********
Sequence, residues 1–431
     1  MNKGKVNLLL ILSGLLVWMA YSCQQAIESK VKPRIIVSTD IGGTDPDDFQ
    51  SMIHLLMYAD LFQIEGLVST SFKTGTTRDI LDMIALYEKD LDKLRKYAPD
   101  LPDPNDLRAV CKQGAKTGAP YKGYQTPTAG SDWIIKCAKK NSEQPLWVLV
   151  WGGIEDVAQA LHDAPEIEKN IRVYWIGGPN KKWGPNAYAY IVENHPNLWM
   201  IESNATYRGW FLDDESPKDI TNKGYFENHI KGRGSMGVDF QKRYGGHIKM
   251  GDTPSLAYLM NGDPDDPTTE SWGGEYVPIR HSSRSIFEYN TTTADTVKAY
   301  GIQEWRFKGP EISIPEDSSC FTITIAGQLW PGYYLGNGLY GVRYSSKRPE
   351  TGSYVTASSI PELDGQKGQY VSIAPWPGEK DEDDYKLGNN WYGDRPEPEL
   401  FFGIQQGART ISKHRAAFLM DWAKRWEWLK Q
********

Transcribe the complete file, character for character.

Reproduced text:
Sequence, residues 1–431
     1  MNKGKVNLLL ILSGLLVWMA YSCQQAIESK VKPRIIVSTD IGGTDPDDFQ
    51  SMIHLLMYAD LFQIEGLVST SFKTGTTRDI LDMIALYEKD LDKLRKYAPD
   101  LPDPNDLRAV CKQGAKTGAP YKGYQTPTAG SDWIIKCAKK NSEQPLWVLV
   151  WGGIEDVAQA LHDAPEIEKN IRVYWIGGPN KKWGPNAYAY IVENHPNLWM
   201  IESNATYRGW FLDDESPKDI TNKGYFENHI KGRGSMGVDF QKRYGGHIKM
   251  GDTPSLAYLM NGDPDDPTTE SWGGEYVPIR HSSRSIFEYN TTTADTVKAY
   301  GIQEWRFKGP EISIPEDSSC FTITIAGQLW PGYYLGNGLY GVRYSSKRPE
   351  TGSYVTASSI PELDGQKGQY VSIAPWPGEK DEDDYKLGNN WYGDRPEPEL
   401  FFGIQQGART ISKHRAAFLM DWAKRWEWLK Q